The Holocaust and Our Search for Meaning
By Alissa Petee
Sammamish, WA


 

It is considered a calculated campaign of slaughter, rape, and starvation. It has left 3.5 million people starving, forced 2.5 million from their homes, and left 400,000 dead. It is a conflict on a devastating scale, and it is happening today. The situation in Darfur remains disastrous as a result of state-sponsored violence, aid obstruction, and the lack of an overall humanitarian strategic plan (Save Darfur online). When I reflect on the Holocaust, I ask how anyone could have allowed the horrendous acts of violence against human beings to go unchallenged for such a long time; today, I ask how it is possible that so few people are aware of the violence in Darfur, and why so few feel a sense of outrage or the desire to take action.

Genocide in Darfur, Rwanda, Kosovo, Bosnia—events in my own lifetime—all echo the Holocaust which ruthlessly extinguished the lives of 6 million people during WWII. Astonishingly, Jewish people throughout the world continue to face some of the underlying anti-Semitism that made the Holocaust possible. Recently the President of Iran joined other historical revisionists in denying that the Holocaust had ever occurred. Against this backdrop of hatred and violence, it is easy to feel overwhelmed and powerless to interrupt the cycles of genocide. The horror experienced by victims is almost unbearable to consider and causes us to want to turn away. This tendency to deny what is uncomfortable makes it all the more crucial to understand the Holocaust in a profound way if we are to comprehend what is happening in Darfur and elsewhere today; we need to appreciate why the unthinkable can never be dismissed as simply someone else's problem.

One way for us to examine these horrendous events is to look at how people psychologically survive an atrocity such as the Holocaust. The work of Viktor Frankl, a distinguished psychologist and Holocaust survivor has especially fascinated me. His experiences in a Nazi concentration camp gave him an opportunity to look at human nature through this unique perspective. Frankl, like hundreds of thousands of other prisoners, faced a constant lack of food, excruciating amounts of physical work, unsanitary conditions and the relentless threat of impending death (Frankl, Meaning 39, 48). The camps were psychologically devastating and people experienced extreme shock upon entry. They witnessed incessant beatings, murder and extreme suffering under agonizing conditions. The prisoners' entire world was depersonalized; everything that helps establish an individual sense of self was taken away, including clothing, professional identity and family connections. Eventually, shock gave way to apathy. Through the blunting of emotions, prisoners repressed their feelings as a natural defense mechanism, a means of coping with the unthinkable. Those who would have first flinched when observing a beating would, over time, simply stare without feeling great anger, sadness or fear (Frankl, Meaning, 26-27, 47).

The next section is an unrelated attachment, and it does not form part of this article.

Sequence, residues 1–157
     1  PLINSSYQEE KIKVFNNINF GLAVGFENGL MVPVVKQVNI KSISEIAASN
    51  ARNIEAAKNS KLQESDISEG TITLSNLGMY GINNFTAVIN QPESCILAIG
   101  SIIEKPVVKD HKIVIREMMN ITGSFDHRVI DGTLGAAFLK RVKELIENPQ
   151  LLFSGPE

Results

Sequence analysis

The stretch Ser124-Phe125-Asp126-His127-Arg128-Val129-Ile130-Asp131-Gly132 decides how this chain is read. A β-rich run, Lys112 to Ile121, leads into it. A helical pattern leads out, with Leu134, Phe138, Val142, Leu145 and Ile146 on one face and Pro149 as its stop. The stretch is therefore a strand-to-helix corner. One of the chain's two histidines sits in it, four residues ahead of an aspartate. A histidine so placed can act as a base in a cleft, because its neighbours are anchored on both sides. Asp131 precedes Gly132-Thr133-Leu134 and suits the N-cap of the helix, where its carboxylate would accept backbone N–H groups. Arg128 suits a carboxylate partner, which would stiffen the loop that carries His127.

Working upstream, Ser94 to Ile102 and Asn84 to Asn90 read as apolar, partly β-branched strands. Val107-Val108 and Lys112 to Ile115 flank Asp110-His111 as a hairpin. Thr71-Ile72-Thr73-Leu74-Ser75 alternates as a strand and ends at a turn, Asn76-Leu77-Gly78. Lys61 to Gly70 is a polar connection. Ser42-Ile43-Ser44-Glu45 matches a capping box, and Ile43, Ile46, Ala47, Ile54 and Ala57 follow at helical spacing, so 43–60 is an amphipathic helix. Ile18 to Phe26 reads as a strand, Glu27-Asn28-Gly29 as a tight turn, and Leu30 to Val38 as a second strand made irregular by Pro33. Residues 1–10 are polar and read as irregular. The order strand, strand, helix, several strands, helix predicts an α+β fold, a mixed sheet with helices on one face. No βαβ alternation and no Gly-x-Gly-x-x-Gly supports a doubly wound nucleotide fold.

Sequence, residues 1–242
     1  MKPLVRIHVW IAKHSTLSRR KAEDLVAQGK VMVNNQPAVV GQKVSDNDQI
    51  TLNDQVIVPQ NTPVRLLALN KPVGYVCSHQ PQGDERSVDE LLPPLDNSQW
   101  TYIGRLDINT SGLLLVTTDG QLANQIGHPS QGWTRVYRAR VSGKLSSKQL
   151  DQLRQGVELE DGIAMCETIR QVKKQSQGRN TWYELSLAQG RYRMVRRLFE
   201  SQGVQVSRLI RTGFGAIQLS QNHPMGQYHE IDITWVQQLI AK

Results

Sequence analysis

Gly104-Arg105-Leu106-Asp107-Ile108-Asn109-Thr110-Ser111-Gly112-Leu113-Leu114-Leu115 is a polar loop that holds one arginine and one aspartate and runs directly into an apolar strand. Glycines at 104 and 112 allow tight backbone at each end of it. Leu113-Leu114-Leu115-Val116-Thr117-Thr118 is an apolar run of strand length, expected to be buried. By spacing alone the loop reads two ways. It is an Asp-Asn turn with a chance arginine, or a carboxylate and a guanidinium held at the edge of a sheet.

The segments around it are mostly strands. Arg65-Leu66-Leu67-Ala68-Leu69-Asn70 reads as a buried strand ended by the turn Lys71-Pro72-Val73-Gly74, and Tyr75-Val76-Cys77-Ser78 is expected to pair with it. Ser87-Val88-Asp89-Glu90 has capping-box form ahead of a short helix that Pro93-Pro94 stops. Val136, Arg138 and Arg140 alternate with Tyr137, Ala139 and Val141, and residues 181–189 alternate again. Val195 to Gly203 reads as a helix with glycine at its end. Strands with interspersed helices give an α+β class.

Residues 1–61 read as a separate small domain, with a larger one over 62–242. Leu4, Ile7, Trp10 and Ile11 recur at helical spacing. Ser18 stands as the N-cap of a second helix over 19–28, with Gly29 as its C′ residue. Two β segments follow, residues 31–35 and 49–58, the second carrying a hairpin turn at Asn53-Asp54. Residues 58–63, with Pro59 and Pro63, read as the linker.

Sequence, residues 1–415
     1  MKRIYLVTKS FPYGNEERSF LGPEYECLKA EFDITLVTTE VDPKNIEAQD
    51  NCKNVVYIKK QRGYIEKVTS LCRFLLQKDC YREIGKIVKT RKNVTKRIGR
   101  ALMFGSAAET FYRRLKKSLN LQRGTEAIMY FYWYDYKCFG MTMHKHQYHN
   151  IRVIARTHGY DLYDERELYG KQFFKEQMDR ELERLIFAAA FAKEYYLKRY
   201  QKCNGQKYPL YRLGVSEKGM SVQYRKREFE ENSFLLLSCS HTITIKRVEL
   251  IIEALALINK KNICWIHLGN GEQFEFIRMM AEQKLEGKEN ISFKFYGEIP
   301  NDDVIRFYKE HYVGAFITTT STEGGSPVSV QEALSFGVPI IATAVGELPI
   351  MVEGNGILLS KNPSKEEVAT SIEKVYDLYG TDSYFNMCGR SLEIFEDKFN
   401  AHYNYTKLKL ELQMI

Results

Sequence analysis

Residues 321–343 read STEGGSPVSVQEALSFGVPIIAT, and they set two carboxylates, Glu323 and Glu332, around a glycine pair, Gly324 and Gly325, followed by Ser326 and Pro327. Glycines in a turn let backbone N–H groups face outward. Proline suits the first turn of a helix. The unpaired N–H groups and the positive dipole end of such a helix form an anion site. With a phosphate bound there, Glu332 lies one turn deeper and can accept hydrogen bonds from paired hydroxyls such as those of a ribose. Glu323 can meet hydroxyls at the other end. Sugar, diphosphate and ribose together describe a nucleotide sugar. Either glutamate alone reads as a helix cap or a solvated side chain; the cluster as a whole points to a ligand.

Ultimately, Frankl was able to survive through experiences that led him to realize the significance of having something meaningful to live for despite his situation. An early example is seen in the loss of the manuscript for his first book, his life's work, during his transfer to Auschwitz. Later, he was to spend many nights attempting to reconstruct it, relying on his memory and stolen slips of paper on which to record his ideas. Another momentous circumstance occurred while marching to work to lay a railroad track. An inmate wondered aloud about the fate of their wives, and Frankl began to think about his own wife, not knowing if she was alive or dead. He suddenly found peace in concluding that she was present with him, and was optimistic in hoping they would be reunited (Boeree online). Each such instance created another reason for him to go on, helping Frankl find a purpose beyond the horror of the camp. His desire to finish his work and rejoin his wife and family kept him from losing all hope in what was such a truly impossible situation.